Of all the questions our members ask concerning online banking, the one we hear most is, “How safe is online banking?” We’re here to tell you that online banking is just as safe and secure as the transactions you make at your branch. Most credit unions employ high-end encryption software, meaning every transaction you make is encrypted or coded-an extremely secure way of transmitting sensitive information over the Internet. You’ll know your software is at work when you see a padlock or key icon in the bottom corner of your Web browser. When you see these, you’ll know that your transaction is being encrypted – making you feel safe about what you’re doing. In addition to secure software, online banking services take an additional precaution by requiring every member to create their own unique username and password for online login. Although hacking into online accounts seems easy in the movies, you can be rest assured that your credit union is providing you with safe, convenient banking options.

As the use of online banking becomes more popular, safe internet banking involves making good decisions that will help you avoid costly mistakes or even scams. Follow these tips and you can minimize the risks to your finances:

Create a strong password: If your credit union requires a user-generated password to access their online accounts make sure you choose one that is very strong. Avoid using common words or phrases and never create a password that contains your name or date of birth. It would be best to make your password a mix of upper and lower case letters, numbers, and special characters. Also, change your passwords on a regular basis. If your credit union asks you to provide answers to security questions, remember that the answer you give doesn’t have to be the real one.

Never send usernames or passwords through e-mail: No credit union will ever request personal information over e-mail. Never send your username, password, PIN, account information, or credit card number over e-mail. Remember, email is unencrypted and if intercepted by a third-party, it could be used to penetrate your online financial files. Also, be aware of unsolicited phone calls that claim to be from your credit union. If in doubt, hang up and call your member representative to verify the call.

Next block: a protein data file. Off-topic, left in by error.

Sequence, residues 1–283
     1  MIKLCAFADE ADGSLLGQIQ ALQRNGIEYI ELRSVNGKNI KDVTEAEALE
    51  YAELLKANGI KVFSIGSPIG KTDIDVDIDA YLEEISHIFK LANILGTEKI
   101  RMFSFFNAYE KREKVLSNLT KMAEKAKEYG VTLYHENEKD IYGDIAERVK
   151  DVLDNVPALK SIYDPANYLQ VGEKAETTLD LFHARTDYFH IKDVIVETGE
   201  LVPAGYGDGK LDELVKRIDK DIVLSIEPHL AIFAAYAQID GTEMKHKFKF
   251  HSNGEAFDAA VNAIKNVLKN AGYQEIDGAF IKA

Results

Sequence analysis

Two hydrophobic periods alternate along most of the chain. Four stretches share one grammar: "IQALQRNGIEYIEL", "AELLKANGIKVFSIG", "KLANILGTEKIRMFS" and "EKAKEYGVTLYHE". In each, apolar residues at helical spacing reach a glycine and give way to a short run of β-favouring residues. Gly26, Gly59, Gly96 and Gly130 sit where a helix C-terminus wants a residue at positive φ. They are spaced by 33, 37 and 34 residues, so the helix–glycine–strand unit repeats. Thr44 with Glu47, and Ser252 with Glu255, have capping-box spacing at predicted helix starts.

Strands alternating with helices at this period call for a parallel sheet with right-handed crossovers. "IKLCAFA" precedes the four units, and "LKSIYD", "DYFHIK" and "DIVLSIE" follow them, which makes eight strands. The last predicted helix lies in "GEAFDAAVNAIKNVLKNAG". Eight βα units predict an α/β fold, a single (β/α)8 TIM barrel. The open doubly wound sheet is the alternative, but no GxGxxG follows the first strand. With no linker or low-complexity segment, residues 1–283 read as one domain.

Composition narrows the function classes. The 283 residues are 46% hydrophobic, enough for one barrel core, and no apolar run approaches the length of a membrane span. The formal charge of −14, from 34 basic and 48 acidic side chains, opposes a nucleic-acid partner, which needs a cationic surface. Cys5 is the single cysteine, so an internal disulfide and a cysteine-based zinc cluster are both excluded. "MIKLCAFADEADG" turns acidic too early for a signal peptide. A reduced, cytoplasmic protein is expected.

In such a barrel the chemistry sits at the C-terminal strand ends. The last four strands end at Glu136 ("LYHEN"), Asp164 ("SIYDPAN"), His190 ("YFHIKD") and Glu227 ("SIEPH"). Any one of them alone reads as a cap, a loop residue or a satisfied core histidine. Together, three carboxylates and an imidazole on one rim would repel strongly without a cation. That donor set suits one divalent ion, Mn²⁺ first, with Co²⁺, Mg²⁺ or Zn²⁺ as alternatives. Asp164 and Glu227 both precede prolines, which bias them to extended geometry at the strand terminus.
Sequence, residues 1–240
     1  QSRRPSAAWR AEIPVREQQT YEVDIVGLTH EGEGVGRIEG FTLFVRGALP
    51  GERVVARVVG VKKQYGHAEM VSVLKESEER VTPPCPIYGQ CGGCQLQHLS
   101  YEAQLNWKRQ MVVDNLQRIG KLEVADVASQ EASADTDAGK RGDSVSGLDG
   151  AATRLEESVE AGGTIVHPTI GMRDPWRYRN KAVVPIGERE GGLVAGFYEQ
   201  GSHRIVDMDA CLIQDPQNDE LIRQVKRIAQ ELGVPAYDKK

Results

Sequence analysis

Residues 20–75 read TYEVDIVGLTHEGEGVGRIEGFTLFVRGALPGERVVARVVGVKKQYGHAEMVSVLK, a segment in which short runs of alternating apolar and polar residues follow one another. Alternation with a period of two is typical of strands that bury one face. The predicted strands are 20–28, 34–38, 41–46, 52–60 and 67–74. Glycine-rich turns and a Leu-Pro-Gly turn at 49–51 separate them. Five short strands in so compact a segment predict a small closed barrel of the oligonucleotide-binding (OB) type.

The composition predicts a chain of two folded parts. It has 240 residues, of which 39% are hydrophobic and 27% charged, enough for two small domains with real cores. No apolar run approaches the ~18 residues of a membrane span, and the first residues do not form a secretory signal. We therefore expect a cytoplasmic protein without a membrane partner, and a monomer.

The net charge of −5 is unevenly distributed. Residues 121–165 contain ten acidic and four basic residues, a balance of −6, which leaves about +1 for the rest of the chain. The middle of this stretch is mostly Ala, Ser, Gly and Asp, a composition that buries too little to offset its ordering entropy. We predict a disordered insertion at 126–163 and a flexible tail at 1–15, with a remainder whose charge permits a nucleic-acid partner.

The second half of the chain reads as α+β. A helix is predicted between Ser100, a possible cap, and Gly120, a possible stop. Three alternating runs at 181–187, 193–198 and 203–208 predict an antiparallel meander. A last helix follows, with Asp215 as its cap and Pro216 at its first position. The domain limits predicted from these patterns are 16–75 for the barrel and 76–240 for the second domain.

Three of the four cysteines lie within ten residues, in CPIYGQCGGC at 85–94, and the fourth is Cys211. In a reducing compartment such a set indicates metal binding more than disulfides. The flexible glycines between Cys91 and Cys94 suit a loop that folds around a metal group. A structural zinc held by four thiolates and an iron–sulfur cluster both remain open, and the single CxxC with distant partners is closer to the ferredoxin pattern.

Access your accounts from a secure location: For most people we suggest you use your online banking while at home. If you access online banking at work, remember, your business can install key loggers or other monitoring methods that store usernames and passwords. When on an unknown wireless network make sure the network you are connecting to is secure using a Wi-Fi Protected Access (WPA). All information being sent from an unprotected network can be intercepted and read by someone in close proximity. Also, it is best not to log in to your online account from a friend’s computer. It could unintentionally log usernames and passwords that could be used to access your accounts.

Always log out when you have completed your online banking session: You may also want to set up additional browser security on your computer or smart phone to clear its cache at the end of each session.

Always monitor your accounts regularly: Monitoring your account statement for any unauthorized transactions is always a good practice. With online banking you have access to your accounts 24/7. Take advantage of that option and check your account on a regular basis. If you spot any irregularities, contact your credit union immediately.

Shred or safely store your financial mail. Hardcopy bank statements, investment documents and other financial paperwork can make it easy to steal account numbers, social security numbers and other personal financial information. Limit your paper trail by shredding important documents or shifting to an online document storage.

If you are hacked, notify your credit union quickly: If you think you are a victim of fraud call your credit union immediately so they can begin to monitor your account for any signs of identity theft. They can shut down your accounts or replace your cards if necessary. If you report fraud in a timely manner, the law limits your liability between $50 and $500.

Remember, those bad guys will go for the files that are unprotected, so if you follow the basic measures listed above you can definitely limit your risk. While there will always be concerns about online security at credit unions, you can be assured that credit unions have a very high stake in making you feel comfortable about the level of security being used to protect their members. As we all know, nothing in this world is perfectly safe, but online banking is certainly as close as offline banking in providing safety of your financial transactions.